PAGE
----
With this type of anemia, your body won't be able to make enough red blood cells and will end up making larger than normal cells to compensate.
These larger red blood cells aren’t as efficient in providing enough oxygen to your body’s tissues.
As a result, you’ll suffer from fatigue and your endurance during workouts will be reduced.
Increasing your vitamin B12 intake, either by improving your diet or taking supplements, can help you to avoid this.
Vitamin B12 can help you in another way too.
When you train, products of respiration build up in your muscles. When the session ends, your body spends some time breaking these down using oxygen.
When there’s an inadequate supply of oxygen, these by-products are broken down more slowly and can cause inflammation of muscle tissue.
Taking enough vitamin B12 and iron as an athlete can help to keep your muscles well oxygenated and reduce post-workout inflammation.
Specifically, Curcumin which is the active extract in Turmeric.
Curcumin is known as a "cleansing agent" and has been clinically proven to block cytokines - small proteins that trigger inflammation.
By blocking cytokines, curcumin is able to effectively reduce and prevent inflammation altogether.
Athletes who are experiencing joint pain and inflammation can benefit from taking a turmeric supplement to help relieve pain and reduce inflammation caused by exercise.
People often talk about the immune-boosting properties of vitamin C.
It’s a potent antioxidant that reduces inflammation by counteracting free radical damage.
While that makes it a must-have in the winter months, vitamin C has other properties that can improve your body function as an athlete.
Vitamin C is used in wound healing and other immune processes. It also supports the synthesis of collagen in muscle fibers.
Collagen is an important building block of muscle tissue, tendons, and muscle ligaments.
When you train to improve your agility, power, or endurance, damage is done to these structures.
Vitamin C can help to maintain or replenish collagen in the body so that you can keep working out without burning out.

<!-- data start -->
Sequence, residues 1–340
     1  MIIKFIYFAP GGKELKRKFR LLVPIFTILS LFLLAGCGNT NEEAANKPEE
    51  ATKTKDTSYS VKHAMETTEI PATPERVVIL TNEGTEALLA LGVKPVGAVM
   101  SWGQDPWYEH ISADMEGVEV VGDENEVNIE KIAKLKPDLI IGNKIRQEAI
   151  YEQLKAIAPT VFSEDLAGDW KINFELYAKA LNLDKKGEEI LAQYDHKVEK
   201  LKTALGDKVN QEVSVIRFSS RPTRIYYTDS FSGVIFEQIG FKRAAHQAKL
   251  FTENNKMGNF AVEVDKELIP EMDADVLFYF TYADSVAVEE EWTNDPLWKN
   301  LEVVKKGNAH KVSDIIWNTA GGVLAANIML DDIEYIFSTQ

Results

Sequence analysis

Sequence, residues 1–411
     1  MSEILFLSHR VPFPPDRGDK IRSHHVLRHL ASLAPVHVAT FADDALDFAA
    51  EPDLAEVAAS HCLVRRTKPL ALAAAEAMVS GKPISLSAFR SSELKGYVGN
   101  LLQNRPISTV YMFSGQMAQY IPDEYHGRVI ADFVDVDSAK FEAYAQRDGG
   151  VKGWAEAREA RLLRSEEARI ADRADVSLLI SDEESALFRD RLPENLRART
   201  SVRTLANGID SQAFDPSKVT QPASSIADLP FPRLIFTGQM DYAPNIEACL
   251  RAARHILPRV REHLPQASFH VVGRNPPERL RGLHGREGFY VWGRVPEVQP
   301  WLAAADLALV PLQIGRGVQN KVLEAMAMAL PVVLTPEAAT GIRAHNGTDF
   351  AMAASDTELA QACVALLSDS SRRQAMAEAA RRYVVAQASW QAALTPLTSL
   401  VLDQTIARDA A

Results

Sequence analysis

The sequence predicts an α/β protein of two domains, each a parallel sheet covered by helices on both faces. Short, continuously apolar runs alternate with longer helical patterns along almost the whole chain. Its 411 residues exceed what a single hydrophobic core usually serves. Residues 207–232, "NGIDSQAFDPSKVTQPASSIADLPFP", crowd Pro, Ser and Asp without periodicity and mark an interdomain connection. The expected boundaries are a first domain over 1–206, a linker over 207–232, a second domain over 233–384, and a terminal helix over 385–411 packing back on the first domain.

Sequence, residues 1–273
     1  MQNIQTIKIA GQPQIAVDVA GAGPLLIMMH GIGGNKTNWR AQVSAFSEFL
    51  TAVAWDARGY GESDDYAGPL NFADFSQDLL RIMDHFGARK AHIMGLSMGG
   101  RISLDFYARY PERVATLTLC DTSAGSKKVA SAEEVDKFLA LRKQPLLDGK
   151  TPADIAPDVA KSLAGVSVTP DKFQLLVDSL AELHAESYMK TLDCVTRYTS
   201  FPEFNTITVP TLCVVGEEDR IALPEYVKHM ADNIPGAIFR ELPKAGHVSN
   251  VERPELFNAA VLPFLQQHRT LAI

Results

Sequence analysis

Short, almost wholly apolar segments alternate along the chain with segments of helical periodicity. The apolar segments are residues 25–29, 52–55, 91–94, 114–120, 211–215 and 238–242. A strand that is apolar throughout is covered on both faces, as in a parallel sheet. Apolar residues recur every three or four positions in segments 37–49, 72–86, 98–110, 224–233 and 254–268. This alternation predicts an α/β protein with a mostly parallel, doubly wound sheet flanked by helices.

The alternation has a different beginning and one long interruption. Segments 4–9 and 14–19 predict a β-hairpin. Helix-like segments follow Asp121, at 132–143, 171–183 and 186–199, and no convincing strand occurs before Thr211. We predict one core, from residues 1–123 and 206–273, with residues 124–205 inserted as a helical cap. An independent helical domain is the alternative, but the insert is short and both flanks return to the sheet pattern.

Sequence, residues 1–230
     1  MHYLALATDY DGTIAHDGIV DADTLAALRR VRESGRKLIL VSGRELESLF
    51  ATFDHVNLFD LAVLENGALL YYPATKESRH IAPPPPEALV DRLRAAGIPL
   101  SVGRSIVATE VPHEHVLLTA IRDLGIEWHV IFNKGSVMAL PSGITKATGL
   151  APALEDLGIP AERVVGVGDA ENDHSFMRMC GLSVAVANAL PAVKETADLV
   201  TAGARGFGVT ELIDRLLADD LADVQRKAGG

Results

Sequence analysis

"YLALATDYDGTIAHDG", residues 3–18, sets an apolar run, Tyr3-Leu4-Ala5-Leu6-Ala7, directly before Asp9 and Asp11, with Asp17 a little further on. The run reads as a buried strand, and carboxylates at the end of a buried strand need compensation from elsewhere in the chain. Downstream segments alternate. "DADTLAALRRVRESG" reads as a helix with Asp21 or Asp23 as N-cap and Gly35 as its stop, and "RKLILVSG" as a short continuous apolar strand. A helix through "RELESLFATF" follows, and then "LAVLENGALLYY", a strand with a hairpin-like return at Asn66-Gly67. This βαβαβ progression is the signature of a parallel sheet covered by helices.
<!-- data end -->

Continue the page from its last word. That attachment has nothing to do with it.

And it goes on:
It’s also useful for athletes that are recovering from serious injury or excessive muscle fatigue.
Good sources of vitamin C include:
- Red and green capsicum
- Guava and papaya
- Broccoli and brussels sprouts
- Tomatoes and citrus fruits
You can also increase your vitamin C intake with supplements.
If you’re looking for a good vitamin C supplement, try our ATH Vitamin C with Bioflavonoids + Rose Hips.
It’s more than just Vitamin C. The added bioflavonoids and Rose Hips provide an extra dose of potent antioxidants.
Vitamin D is an essential fat-soluble vitamin that the body produces when exposed to sunlight.
Responsible for regulating:
- Calcium and Phosphorus Absorption
- Signal Processing
- Hormone Protein Synthesis
- and Inflammatory Responses
...Vitamin D can help athletes reduce inflammation from exercise and training, especially athletes who train indoors or are located in areas with limited sunlight.
Here's how Vitamin D works, it reduces inflammation by inhibiting these pro-inflammatory cytokines:
- Interleukin 6
- Tumor necrosis factor 6
Pro Tip: Add vitamin d to your lineup to protect against inflammation, especially if you are an indoor or winter athlete that has limited access to natural sunlight.
Krill oil contains essential fatty acids that are known to provide anti-inflammatory functions to help reduce inflammation and improve joint pain.
More effective than other marine omega-3 sources, Krill oil contains astaxanthin, the pigment that gives krill its bright pinkish-orange color, which has beneficial anti-inflammatory and antioxidant properties.
Studies have shown that Krill Oil:
- Reduces the production of inflammation
- 1,000mg of Krill Oil a day, helped people with higher blood fat levels, reduce inflammation and pain.
Lastly, Krill oil will always be superior to fish oil, because it is sourced from the pristine waters of the Southern Hemisphere, which ensures less potential of toxins and contamination.
If you're an athlete, inflammation (short-lived, not chronic) is bound to happen.
Use these vitamins and supplements to your benefit:
- Vitamin A
- B Vitamins
- Vitamin C
- Vitamin D
- Krill Oil
Whether you're a runner, a wrestler, a martial artist...inflammation is normal after training, but there are ways to minimize it so that you can recover better for your next session.